Never in a million years would I think that I would get to see a bird as stunning as western tanagers. Seeing one was a pure fluke — I stopped to admire some ferns growing off of a tree trunk, and looked up and just the right moment to see a stunning male high in the treetops. This bird is a large reason that I’d like a serious lens upgrade (which through your support can happen – visit my shop or my support page!)
Finding for Western Tanagers
I’ve only managed to see the one bird so I don’t have a lot of personal experience with this. All About Birds says to scan the canopies of evergreens for best results. They come to British Columbia to breed as early as April, and their numbers begin to dwindle in October as they return to Mexico.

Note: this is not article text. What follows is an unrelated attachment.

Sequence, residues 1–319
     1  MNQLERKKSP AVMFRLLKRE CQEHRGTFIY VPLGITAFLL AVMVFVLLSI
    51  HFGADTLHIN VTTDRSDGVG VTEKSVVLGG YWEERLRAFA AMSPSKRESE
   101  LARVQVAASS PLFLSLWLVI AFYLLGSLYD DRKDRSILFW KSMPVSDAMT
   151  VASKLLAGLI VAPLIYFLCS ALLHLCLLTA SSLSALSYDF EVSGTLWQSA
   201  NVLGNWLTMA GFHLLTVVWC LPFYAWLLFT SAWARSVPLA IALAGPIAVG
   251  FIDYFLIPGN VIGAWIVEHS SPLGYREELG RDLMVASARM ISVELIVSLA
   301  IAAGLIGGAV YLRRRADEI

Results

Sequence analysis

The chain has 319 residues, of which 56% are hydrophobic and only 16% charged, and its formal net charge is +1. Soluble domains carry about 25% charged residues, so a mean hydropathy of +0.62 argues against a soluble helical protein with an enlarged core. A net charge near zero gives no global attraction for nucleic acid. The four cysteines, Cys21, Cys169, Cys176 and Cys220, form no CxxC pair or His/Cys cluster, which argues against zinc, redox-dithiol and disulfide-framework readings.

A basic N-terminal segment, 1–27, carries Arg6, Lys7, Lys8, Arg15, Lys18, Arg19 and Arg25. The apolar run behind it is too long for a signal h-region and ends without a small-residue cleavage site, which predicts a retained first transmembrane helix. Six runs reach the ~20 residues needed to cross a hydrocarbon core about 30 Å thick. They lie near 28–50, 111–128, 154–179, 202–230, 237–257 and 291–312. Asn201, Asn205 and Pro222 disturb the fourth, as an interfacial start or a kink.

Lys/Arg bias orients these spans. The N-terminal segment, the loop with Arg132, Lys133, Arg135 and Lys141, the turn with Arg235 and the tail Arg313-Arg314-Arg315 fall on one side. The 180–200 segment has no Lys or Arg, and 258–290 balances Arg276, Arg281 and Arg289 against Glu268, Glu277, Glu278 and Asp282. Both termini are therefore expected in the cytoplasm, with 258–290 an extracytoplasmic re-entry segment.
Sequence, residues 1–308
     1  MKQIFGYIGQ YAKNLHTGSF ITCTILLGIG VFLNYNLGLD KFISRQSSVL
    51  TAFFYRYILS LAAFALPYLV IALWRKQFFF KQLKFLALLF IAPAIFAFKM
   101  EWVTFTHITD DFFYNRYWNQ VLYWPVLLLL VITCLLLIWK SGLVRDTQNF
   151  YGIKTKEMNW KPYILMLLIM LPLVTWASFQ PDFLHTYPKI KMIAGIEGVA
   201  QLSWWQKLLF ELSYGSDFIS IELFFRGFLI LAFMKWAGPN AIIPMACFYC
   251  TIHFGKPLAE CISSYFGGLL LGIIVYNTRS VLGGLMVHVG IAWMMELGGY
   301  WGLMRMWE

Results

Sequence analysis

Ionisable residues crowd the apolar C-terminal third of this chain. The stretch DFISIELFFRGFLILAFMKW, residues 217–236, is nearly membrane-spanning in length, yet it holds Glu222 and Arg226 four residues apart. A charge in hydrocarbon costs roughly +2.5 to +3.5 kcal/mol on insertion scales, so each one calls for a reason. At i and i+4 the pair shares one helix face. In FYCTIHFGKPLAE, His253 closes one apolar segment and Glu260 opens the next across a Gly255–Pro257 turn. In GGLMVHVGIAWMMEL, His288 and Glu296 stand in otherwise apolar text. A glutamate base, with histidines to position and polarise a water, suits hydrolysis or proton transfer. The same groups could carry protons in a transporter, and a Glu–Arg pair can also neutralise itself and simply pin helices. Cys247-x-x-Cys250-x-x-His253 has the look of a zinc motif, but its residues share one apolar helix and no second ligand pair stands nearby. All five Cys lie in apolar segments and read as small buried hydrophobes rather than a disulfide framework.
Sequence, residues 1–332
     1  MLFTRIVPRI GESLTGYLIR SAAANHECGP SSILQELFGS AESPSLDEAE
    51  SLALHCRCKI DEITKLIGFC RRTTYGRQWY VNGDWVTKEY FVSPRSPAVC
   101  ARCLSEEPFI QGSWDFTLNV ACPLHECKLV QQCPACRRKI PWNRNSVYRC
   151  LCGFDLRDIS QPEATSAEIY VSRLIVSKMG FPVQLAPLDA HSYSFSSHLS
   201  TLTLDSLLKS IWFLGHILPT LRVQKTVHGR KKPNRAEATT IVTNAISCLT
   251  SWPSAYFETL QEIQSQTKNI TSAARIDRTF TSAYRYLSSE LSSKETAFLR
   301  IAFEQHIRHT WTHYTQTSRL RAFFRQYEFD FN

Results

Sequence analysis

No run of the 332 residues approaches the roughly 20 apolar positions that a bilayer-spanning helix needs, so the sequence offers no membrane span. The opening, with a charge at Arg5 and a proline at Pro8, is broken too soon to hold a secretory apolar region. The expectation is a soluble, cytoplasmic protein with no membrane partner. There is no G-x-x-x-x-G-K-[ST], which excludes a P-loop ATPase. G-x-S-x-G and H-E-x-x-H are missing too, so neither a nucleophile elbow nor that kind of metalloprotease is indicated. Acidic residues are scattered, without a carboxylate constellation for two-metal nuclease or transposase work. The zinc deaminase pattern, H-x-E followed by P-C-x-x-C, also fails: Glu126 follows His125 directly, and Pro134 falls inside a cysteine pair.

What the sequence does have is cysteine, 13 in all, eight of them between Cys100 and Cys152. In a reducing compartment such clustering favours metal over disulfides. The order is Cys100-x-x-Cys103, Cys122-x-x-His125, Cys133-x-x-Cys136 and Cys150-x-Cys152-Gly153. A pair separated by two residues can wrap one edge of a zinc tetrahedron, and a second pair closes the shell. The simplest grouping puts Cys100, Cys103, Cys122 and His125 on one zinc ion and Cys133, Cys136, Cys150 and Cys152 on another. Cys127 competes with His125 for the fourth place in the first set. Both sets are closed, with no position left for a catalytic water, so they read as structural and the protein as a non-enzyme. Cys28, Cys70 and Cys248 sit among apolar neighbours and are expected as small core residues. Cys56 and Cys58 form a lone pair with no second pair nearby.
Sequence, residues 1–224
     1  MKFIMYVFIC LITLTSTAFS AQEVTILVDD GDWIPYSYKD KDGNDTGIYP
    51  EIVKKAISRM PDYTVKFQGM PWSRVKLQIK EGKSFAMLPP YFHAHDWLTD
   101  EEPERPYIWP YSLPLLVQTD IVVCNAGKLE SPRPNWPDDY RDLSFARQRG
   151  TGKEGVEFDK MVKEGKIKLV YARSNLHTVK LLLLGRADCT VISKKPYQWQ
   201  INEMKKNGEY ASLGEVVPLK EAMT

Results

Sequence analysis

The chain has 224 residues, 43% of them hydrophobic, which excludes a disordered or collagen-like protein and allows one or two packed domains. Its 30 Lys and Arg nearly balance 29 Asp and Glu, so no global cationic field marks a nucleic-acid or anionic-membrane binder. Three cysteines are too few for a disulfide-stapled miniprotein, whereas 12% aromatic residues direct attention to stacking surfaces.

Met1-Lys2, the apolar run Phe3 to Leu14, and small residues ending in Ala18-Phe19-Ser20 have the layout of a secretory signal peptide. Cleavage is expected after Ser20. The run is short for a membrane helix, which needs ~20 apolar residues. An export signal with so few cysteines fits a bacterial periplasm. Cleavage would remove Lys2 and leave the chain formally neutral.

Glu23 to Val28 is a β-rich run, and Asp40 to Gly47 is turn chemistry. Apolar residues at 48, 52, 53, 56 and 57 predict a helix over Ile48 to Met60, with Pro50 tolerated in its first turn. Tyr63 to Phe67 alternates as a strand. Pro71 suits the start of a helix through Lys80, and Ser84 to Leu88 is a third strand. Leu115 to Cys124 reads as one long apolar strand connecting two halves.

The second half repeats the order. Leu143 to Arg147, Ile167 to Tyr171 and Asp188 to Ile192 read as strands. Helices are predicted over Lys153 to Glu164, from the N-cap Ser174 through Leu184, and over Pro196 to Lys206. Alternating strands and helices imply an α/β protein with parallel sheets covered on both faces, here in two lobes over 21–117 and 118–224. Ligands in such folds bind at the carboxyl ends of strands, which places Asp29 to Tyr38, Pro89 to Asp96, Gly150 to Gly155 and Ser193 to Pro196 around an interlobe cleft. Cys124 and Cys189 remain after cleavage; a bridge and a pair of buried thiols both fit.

Breeding males are stunning, with bright orange faces, yellow bellies, and black wings. Females and immature males have a less impressive olivey-yellow hue. The orange males get during breeding comes from a rare pigment called rhodoxanthin, which they likely get from insects
Feeding Western Tanagers
This tanager is primarily a fruit eater until the breeding season. During breeding, they will eat more and more insects, likely for the extra protein. A part of me also suspects there just isn’t as many local berries and fruit further north as there is in Mexico so the switch is just practical. Of course, I can’t actually back this up with anything.